7. Fluid design can still end up with a lot of wasted space on wide screens, it is just that the wasted space moves from the edges to inside the web design. This is especially true with online shops, where there might not be so much textual content.

8. It is difficult to guarantee that fluid designs which stretch to the browser window size will look good at any browser window size, and it is more difficult to create branding graphics that look good in this way too. Fluid designs require much more testing at various browser window sizes, not just the maximised window sizes on the higher resolution monitors, but also the in-between browser window sizes when the browser is used in windowed mode.

9. osCommerce, and our custom version of osCommerce, is not fully fluid in design. For instance if a category's products are displayed 3 to a row, they wont magically be displayed 4 or 5 to a row if the browser window is stretched providing more space.

10. Fluid design doesn't generally fit in well with our design goal of 'less is more', something we have followed with our simplification of the osCommerce system. Fluid designs are sometimes better suited to a 'more is more' design goal (let's display as much as possible, and try to fill as much of the screen as possible). With a 'less is more' approach it is also easier to focus the eye on important marketing messages. If you take your current default 3 column osCommerce fluid design, there are 12 boxes in total on either side of the main content column, in our system there would be 2 columns and 3 boxes max, which makes for a very sparsely populated web design if it is displayed as a fluid design stretching the whole width. The osCommerce admin part of our system remains fluid since this helps with the admin side.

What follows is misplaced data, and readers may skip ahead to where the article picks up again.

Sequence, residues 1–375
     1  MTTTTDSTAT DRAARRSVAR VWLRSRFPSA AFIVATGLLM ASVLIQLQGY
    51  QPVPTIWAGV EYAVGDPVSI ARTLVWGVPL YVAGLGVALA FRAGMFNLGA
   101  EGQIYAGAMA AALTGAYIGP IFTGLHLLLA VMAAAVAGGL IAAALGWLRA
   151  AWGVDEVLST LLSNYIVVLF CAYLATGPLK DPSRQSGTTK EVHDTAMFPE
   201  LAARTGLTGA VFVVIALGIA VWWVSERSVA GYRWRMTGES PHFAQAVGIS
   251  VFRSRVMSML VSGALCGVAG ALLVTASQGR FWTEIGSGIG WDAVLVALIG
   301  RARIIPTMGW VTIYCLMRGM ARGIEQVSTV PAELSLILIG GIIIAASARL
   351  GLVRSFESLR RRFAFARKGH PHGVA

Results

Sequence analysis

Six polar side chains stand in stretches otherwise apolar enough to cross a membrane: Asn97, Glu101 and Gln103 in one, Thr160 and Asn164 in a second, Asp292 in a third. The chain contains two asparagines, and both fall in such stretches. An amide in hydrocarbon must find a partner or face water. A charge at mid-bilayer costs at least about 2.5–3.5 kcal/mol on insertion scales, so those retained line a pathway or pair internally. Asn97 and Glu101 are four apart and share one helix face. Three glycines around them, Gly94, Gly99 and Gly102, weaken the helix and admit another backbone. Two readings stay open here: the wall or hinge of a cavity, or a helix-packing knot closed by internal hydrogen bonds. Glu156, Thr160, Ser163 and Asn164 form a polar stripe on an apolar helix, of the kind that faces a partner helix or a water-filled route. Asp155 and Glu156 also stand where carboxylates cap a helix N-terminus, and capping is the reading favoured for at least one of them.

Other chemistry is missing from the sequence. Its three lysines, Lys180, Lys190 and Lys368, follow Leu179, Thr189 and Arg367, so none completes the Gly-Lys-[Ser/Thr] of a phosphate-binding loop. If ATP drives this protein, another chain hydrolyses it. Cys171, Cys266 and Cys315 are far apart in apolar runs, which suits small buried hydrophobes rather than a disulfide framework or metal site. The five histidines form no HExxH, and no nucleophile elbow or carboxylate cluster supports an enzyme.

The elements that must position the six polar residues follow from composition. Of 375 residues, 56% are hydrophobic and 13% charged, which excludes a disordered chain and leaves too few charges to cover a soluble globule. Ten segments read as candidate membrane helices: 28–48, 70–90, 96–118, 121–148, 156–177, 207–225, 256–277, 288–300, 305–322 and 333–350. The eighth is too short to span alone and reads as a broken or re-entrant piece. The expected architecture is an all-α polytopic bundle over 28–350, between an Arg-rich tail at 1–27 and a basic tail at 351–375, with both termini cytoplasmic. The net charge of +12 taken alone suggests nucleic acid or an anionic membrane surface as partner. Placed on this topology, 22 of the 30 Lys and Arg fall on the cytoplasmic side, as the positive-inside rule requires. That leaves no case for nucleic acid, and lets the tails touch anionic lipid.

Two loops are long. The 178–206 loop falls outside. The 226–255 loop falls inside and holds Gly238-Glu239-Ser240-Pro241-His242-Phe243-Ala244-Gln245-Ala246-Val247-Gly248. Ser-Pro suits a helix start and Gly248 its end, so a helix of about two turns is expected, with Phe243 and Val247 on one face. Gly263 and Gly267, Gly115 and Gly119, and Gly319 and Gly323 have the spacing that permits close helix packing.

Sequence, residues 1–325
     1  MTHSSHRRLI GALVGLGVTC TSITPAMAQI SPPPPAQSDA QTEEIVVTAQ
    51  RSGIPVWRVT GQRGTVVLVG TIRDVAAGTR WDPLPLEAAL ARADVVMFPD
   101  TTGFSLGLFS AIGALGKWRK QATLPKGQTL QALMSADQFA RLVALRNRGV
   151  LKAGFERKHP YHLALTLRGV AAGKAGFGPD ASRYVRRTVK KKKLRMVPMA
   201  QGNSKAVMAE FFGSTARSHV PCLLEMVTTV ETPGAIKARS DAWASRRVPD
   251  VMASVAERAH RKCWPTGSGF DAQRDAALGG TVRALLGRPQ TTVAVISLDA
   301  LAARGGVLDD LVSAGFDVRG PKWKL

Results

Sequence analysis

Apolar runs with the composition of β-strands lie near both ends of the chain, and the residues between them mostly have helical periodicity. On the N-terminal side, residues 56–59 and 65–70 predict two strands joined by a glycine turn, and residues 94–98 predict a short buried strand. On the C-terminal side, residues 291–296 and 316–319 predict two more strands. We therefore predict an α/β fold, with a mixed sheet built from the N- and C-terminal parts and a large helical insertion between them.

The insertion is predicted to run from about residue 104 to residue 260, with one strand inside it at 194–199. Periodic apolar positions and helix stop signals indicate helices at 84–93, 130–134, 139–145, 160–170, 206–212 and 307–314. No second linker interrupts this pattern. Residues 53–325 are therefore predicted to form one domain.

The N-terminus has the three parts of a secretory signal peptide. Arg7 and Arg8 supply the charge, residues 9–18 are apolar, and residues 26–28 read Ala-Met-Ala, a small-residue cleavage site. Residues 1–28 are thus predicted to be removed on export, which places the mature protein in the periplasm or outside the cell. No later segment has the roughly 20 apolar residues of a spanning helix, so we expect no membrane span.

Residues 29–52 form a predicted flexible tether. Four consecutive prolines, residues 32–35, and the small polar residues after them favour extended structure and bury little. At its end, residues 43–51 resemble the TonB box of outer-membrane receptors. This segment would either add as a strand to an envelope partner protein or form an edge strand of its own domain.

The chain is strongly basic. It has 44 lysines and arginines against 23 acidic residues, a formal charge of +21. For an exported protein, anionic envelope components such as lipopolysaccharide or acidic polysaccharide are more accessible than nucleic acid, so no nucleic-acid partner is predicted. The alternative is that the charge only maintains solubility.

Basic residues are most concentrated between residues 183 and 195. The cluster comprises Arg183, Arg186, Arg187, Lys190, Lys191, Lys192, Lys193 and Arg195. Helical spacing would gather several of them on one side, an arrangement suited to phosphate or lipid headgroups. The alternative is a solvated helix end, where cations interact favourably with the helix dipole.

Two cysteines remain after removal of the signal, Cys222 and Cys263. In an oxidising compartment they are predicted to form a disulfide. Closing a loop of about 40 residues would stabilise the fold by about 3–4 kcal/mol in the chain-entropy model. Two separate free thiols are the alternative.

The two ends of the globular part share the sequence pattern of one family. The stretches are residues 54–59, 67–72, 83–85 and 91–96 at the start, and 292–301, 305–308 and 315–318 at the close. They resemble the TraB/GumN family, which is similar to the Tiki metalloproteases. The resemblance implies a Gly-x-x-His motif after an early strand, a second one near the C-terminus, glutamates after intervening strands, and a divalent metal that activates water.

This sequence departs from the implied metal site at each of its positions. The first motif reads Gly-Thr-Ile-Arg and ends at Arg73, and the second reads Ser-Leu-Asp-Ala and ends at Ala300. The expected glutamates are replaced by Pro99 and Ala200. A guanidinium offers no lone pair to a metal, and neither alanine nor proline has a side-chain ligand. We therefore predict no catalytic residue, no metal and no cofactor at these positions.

If there is a very good reason for a fluid layout then we can accommodate, but we like to make our clients aware of all of the issues before doing so. So far we only have one client with a fluid layout, a watercolour artist's gallery site, and even then we are monitoring this situation closely to see if a fixed width design might be better in the future. As for the blank left and right borders on either side of a fixed width design, it is possible to provide background images to fill the space on either side of a fixed width design.

Update 2010:
The built-in page scaling and zooming features that come as standard with many browsers nowadays, also muddies the water with some of these issues. These features are very important in some phone-based browsers for zooming out (making pages smaller), where phones have smaller screens, and these features are standard in some desktop browsers too (zoom out and make smaller if the page is wider than the browser width/screen width, zoom in and make bigger if the page is not as wide as the browser width/screen width). For example, if you are viewing this page using IE7 or IE8, and you press CTRL +, you can zoom in on this page, and make the page bigger if you wish to have your browser window maximised.

It is also important to note that with our sitebuilder service, your web design or layout is not set in stone up front. You can change your layouts in the future. We monitor the current browser market and situation, which is always changing, and if demand dictates different layouts in the future, then we will make those layouts available where possible.

This article is copyright 2008 - you do not have permission to reproduce, or cut or paste, this article onto any other website, forum or any other electronic or printed media.